College Experiences for Students with Autism Spectrum Disorder (ASD): Identity, Disclosure, and Accommodations
College students with autism face daunting social, emotional, independent-living, self-advocacy, and communication challenges both inside and outside of the classroom (Adreon & Durocher, 2007; Gobbo & Shmulsky, 2013). However, critical holes in the empirical literature make it difficult to develop low cost, high yield, evidence-based interventions to improve student grades, persistence, graduation, and subsequent employment.
The current study begins to fill these knowledge gaps by (1) defining salient issues affecting college success for individuals with autism and (2) describing institutional initiatives with potential to promote college success for students with autism. The study’s primary research question is: How do students with autism make sense of their experiences in higher education and respond to barriers potentially limiting postsecondary success?
Data for the study are drawn from interviews, following the guidelines outlined by Fetterman (1998), with nine students with a formal diagnosis of ASD. Interviews centered upon student inputs, experiences, and outcomes in higher education (Astin, 1991). For example, participants were asked to describe their initial fears about going to college and their decisions about whether to disclose their diagnosis.
Analyses proceeded using a constant comparative approach (Straus & Corbin, 1998) with researchers coding data independently but meeting periodically to ensure convergence during two distinct rounds of coding. First, two of this paper’s authors used Astin’s (1991) framework as an a-prioridescriptive coding structure. The second round of coding was led by a third researcher. To confirm appropriate interpretation, two of the participating students reviewed and approved this paper.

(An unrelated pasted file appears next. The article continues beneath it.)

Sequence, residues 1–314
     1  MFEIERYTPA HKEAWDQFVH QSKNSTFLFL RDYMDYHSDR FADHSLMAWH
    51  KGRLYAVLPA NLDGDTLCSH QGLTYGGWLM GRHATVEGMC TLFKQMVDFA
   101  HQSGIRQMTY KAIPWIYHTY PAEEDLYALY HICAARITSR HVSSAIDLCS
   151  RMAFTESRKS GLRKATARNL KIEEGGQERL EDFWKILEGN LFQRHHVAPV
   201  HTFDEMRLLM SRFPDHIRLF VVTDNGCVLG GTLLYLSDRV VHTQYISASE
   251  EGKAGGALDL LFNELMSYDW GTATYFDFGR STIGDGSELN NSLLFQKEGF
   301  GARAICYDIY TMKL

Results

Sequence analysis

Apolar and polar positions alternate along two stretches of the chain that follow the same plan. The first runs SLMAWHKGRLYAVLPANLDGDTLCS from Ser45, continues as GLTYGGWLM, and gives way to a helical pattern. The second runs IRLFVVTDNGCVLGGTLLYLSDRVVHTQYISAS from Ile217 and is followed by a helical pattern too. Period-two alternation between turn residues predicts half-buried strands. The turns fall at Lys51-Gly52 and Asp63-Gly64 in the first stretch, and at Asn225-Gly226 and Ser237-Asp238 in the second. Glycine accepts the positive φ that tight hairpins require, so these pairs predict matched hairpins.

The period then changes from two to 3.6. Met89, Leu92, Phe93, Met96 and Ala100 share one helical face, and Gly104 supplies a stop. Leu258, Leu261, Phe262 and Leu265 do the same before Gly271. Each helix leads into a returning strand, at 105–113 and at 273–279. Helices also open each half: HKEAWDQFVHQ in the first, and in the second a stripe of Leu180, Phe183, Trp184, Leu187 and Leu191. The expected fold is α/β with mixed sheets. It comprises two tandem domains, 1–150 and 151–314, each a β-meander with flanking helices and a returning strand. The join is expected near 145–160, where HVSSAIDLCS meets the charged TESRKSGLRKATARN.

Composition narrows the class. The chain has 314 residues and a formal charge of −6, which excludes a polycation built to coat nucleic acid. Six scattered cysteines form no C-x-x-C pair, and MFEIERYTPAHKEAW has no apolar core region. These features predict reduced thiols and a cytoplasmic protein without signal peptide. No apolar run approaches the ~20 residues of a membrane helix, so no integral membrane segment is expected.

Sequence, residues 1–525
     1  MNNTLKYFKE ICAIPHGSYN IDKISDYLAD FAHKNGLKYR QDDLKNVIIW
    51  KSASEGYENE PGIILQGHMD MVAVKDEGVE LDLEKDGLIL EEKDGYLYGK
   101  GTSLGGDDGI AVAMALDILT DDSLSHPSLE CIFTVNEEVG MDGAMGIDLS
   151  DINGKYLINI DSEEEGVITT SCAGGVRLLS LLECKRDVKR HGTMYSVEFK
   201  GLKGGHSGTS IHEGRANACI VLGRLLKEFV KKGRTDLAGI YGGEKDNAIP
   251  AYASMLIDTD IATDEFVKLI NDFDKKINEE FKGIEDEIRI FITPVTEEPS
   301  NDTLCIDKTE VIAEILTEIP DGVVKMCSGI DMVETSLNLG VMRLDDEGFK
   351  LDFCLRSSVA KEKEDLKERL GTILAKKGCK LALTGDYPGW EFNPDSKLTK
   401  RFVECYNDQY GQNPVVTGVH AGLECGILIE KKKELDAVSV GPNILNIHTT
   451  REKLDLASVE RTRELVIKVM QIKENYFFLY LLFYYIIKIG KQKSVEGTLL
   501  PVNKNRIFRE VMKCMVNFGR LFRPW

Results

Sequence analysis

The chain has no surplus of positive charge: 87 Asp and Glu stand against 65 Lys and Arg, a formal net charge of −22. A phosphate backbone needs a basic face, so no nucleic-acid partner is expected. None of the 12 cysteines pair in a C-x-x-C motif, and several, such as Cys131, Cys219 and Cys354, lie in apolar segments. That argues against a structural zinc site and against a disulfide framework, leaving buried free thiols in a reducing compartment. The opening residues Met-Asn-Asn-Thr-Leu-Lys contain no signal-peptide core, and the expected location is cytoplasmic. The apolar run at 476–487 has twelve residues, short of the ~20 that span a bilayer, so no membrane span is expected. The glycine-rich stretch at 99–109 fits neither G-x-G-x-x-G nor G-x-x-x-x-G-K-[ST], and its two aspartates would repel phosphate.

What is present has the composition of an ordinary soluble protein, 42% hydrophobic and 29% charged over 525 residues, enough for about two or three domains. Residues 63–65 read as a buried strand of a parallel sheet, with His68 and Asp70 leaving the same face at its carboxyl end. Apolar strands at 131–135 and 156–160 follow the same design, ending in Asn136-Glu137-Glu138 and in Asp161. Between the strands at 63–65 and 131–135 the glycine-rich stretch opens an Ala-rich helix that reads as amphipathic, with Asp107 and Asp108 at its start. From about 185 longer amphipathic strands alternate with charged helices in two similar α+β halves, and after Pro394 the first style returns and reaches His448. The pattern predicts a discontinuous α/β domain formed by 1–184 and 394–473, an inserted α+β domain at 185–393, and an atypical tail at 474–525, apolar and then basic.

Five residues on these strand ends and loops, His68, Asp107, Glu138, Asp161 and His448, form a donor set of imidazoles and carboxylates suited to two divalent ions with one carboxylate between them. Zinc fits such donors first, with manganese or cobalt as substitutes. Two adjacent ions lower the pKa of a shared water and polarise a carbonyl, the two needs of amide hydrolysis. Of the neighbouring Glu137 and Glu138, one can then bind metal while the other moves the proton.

As expected, all of the interviewed students cited postsecondary enrollment as a major life event. Once in college, students took a pragmatic approach to disclosing their autism diagnosis, only revealing diagnoses if needed to acquire formal accommodations from the postsecondary institution or when asked directly by peers. One student explained, “I don’t know when or how to say it so I was always wait for it to come up” while another said “that never really came up.”
Student comments also revealed an internal tension regarding the manner in which autism fit into their own sense of identity. Decisions to disclose their diagnosis to peers or the institution or to seek formal accommodations, therefore, were the outward manifestations of the internal identity development process for each student. For example, one student boasted “So I’m very proud of the fact that I’m able to fake out as many people as I do, honestly” but, moments later, concluded “I mean I know that’s not really a healthy way to relate to one with autism or Asperger’s.”
The voices of college students with ASD have generally been drowned out by the overwhelming emphasis (in the general public and scholarly literature) on young children and early interventions. This study amplifies their voices and empowers individuals with ASD to self-advocate as they consider opportunities for continued educational advancement. Now professionals working in postsecondary education must listen to these voices and act on behalf of the growing number of college students with autism.